Q&A: Laura Ashley President Penne Cairoli
Fort Mill-based Laura Ashley turns 65 this year. Cairoli shares what homeowners get wrong about decorating with fabrics
T. Cooper Hull Photography
ONE CANNOT reference the rise of patterned fabrics in the home without remembering the floral prints of Laura Ashley. This heirloom-inspired brand has been synonymous with classic design since its inception in 1953, when Laura Ashley and her husband, Bernard, first began printing scarves from their kitchen in London.
Penne Cairoli, president of Laura Ashley, has lived in Charlotte since 2000, and, unsurprisingly, her home is casually peppered with Laura Ashley prints. Cairoli signs off on every design the brand puts out—including the new celebratory and commemorative collections launching this year. Learn more about the woman who started as a simple fan of the brand and rose to her place as president of Laura Ashley 30 years later (edited for clarity and space).
Charlotte Home + Garden: Laura Ashley is celebrating 65 years—wow! How have things changed or stayed the same?
Penne Cairoli: To stay relevant with the consumer, we have to change with the times and the trends and the colors and things like that. But, overall, I would say that the Laura Ashley brand has stayed the same as the original thought process of the Ashleys when they founded the company—and that was simply for people to be able to purchase items, both for themselves and for their homes, that would accent their wardrobes and their homes, without sticking out like a sore thumb.
CH+G: What kind of professional background do you have that attracted you to a home and fashion brand?
PC: Ironically, none. I was an economics and business major, and I started working for Laura Ashley as a shop girl. I just loved Laura Ashley—I grew up in Laura Ashley, my mother dressed me in Laura Ashley—I was a fan of the brand. It was by the good luck of the company being willing to train me that, after they saw I had an interest in the product, they trained me on fabrics and understanding decor. And then I became their interior designer for all of the Canadian stores, to start with.
I was sent to London and learned how to design, and we would go to the factories in Wales to see how we printed our fabrics, wove our fabrics, made our dresses. I really understood from the ground up what our product was. From there, I moved to the head office in Boston at the time, and I was a buyer, I was a product developer, I managed all the stores at one point (as regional manager). I’ve done a lot of different things within this company, which has kept it fresh for me for 30 years.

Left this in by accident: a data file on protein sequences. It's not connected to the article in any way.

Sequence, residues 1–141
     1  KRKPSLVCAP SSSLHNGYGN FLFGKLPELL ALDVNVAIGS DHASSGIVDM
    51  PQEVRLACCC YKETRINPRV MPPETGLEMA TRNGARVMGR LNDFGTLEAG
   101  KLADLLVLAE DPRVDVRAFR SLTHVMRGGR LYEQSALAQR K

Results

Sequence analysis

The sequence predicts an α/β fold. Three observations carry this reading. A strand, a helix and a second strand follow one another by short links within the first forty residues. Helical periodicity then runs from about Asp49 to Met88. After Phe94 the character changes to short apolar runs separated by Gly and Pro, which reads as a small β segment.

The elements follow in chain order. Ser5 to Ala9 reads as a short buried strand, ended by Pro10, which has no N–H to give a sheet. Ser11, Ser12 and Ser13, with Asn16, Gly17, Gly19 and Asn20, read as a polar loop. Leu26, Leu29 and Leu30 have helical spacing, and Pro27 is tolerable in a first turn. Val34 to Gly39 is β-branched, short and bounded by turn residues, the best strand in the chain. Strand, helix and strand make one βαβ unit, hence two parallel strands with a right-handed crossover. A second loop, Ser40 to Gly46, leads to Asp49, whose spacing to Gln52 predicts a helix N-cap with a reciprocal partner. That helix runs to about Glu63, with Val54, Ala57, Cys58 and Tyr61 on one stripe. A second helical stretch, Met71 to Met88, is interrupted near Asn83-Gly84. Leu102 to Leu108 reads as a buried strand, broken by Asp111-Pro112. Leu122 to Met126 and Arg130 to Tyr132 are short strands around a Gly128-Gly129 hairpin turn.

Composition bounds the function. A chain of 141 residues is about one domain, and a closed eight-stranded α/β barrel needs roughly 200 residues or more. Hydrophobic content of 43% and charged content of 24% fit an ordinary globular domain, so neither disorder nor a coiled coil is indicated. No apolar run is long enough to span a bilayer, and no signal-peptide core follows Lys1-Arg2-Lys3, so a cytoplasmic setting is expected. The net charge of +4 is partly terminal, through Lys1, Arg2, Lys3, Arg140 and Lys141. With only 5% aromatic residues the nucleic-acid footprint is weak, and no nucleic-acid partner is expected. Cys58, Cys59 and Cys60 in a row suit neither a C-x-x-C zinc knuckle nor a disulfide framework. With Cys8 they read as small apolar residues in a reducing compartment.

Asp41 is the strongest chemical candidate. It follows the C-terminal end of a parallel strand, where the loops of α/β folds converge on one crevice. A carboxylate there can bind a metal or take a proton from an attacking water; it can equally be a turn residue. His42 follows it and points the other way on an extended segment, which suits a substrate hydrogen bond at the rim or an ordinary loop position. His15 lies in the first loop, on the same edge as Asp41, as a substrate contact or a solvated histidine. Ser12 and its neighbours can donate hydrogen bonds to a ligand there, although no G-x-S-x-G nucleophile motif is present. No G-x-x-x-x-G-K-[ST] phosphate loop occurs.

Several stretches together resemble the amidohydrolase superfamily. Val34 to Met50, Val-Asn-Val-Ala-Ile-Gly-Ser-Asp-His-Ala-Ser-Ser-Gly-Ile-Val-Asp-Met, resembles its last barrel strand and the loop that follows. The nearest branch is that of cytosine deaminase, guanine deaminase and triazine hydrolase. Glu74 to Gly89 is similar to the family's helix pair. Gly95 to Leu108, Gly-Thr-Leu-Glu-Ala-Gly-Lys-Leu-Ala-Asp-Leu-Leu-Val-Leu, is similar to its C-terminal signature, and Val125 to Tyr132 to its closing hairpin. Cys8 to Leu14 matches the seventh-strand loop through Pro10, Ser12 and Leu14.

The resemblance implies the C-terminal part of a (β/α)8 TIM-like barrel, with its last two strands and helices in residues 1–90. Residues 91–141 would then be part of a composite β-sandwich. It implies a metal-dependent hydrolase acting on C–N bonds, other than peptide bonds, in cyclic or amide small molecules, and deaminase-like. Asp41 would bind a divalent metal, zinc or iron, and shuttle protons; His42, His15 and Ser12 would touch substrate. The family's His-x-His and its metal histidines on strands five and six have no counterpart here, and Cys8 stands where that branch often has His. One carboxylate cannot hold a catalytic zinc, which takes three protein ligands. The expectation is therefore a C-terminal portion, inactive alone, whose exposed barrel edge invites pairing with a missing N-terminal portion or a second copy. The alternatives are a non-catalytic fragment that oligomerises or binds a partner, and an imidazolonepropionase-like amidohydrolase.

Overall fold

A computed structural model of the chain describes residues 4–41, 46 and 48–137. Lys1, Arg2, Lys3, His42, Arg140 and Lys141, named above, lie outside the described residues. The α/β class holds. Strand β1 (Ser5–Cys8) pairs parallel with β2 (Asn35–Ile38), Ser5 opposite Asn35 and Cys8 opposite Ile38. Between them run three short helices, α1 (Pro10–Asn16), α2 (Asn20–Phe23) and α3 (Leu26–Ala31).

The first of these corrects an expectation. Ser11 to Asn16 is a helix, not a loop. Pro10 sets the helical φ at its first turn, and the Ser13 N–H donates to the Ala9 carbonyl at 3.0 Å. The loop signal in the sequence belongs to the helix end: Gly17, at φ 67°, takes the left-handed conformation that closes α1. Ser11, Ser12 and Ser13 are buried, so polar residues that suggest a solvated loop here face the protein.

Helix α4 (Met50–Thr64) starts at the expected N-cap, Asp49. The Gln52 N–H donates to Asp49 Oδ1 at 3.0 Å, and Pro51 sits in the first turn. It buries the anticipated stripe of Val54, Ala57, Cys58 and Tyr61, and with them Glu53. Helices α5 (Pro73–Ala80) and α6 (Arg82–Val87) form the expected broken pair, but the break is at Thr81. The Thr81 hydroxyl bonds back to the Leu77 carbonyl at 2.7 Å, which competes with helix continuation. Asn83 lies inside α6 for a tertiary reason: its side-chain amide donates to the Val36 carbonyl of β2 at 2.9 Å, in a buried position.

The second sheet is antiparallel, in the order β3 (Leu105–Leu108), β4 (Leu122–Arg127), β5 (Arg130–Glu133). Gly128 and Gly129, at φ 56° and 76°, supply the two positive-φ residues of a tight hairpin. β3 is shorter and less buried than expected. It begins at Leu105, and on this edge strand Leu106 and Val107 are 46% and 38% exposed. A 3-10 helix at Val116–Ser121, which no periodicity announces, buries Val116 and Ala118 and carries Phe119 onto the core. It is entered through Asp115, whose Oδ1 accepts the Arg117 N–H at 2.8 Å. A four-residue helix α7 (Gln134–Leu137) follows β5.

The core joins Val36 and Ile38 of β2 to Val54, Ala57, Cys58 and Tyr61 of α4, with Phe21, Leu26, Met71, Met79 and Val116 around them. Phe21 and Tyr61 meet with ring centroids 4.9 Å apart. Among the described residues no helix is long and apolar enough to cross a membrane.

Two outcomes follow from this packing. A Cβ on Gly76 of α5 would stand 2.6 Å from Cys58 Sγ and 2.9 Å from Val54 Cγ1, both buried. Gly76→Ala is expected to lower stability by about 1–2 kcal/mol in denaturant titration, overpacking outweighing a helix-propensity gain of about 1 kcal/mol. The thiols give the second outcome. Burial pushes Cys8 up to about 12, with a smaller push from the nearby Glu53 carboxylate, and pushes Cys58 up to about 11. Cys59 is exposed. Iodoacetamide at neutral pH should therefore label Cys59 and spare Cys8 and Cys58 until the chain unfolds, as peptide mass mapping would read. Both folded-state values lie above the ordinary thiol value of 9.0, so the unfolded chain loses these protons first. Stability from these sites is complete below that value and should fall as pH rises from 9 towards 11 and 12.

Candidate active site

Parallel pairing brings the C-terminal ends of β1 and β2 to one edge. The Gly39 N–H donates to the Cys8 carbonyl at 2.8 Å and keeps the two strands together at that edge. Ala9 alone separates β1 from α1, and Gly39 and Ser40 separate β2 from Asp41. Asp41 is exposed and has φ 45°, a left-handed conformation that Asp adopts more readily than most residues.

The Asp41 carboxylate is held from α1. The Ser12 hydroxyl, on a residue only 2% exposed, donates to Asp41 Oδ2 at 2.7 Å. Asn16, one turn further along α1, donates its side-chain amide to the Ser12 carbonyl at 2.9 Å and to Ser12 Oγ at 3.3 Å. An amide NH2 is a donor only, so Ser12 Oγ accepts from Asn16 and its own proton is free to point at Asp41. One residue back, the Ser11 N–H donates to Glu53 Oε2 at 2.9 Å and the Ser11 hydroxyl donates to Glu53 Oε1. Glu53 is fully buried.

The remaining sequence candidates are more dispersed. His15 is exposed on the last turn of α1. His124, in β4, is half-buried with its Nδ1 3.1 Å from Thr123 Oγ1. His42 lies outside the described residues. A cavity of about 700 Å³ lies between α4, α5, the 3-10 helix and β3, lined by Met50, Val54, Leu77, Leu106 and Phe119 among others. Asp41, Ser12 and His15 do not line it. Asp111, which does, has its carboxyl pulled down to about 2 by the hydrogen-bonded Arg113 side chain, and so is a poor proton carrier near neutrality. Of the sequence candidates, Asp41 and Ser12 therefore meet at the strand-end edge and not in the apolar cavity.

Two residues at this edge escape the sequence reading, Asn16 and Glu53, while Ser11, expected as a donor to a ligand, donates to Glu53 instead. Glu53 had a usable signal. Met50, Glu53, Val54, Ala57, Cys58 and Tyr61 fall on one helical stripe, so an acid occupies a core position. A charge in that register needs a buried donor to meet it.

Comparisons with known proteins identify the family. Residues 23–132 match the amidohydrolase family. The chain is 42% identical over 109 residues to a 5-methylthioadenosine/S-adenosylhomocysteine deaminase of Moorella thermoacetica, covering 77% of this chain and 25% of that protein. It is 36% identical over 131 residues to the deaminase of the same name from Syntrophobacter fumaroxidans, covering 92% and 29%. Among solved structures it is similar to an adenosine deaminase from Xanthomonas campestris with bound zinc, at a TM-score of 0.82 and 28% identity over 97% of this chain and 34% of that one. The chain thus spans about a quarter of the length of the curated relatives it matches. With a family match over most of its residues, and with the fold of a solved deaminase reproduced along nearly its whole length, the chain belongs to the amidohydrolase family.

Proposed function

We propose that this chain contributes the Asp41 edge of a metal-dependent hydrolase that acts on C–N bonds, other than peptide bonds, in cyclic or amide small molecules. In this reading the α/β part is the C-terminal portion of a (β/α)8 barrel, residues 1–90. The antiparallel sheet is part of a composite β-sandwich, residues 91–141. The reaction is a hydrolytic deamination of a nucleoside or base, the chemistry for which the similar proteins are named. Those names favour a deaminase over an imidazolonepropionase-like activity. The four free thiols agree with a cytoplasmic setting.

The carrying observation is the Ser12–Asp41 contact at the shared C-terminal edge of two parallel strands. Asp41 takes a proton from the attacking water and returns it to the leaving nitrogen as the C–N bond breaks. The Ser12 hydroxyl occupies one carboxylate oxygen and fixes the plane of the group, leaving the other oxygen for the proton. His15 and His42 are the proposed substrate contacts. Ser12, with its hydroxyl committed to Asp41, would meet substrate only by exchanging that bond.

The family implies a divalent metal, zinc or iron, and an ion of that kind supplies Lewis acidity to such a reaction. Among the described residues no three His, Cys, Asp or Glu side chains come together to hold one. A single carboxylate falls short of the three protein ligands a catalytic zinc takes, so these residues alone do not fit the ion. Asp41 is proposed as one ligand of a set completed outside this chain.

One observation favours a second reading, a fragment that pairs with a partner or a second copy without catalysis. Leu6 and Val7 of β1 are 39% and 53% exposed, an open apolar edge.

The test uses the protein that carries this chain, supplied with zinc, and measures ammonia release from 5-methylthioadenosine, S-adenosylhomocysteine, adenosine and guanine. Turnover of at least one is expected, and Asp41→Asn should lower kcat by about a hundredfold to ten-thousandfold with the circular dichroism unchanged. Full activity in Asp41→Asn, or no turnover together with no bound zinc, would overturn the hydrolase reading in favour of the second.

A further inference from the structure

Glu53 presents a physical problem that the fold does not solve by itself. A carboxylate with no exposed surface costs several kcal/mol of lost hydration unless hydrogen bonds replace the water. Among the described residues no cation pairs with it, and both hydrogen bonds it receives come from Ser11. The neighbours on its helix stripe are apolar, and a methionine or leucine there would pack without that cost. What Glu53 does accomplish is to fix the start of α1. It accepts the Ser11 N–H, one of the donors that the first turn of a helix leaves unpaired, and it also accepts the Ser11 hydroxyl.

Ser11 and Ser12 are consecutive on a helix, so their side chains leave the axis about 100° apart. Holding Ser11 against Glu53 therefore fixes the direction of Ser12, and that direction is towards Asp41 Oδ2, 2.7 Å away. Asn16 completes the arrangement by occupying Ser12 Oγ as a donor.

CH+G: And how long have you been the president?
PC: I think it’s been six years. And Laura Ashley moved to Fort Mill in 2001, so we’ve been here almost 20 years.
CH+G: On the Fort Mill note, and with you living in Charlotte, do you have any favorite home furnishings stores that you frequent in the area?
PC: Yes, absolutely. There’s a really cute store called the Southern Nest in Indian Land (S.C.) that I love, if you have an eclectic mix of furniture. Also, Transformations in Park Road Shopping Center, Cotswold Marketplace, Classic Attic—one of my favorites to hunt, Sleepy Poet—of course, and B.D. Jeffries.
CH+G: Could you share trending fabric patterns or prints we might see in 2019?
PC: The whole animal look is very big. It can be an animal print, like a leopard, for instance, but it can also be the actual animal. It’s trending across both the adult and juvenile categories. The other side of that is a very graphic, almost wood-blocked design. Simple designs, simple colors—it’s very, very modern and not as overly designed.
CH+G: Do you have any advice about what people get wrong about using fabric in the home?
PC: It’s a matter of owning your decision. If you decide that floral is your look, you have to own it. I think a big misconception is that you can go completely plain and just put a piece here and there. Committing to curtains or committing to wallpaper, for example—that’s a big trend we see—you don’t have to commit to four walls in your room, but you can commit to a statement wall. But, owning it. If you put it a pattern on a wall, then you should be putting it on the curtains, probably. And that, I think, people sometimes get a little bit scared. The beauty to modern wallpaper is that it comes off the walls, and it can even be painted over if you want to. It’s not as big of a commitment as some people fear.
CH+G: Which is kind of funny, since home decor enthusiasts are the ones who want to change up the looks so frequently.
PC: Totally! I’m one of them. There’s ways of mixing together, though—we love mixing the old with the new, so that’s one of the reasons some of my favorite stores are vintage stores. Mixing it together doesn’t mean you have to redo a whole room. A pillow is probably not going to cut it. But, being able to put new curtains up, or new rugs, or reupholstering a piece of furniture, I think that’s the key to being able to add newness without completely committing to a home renovation.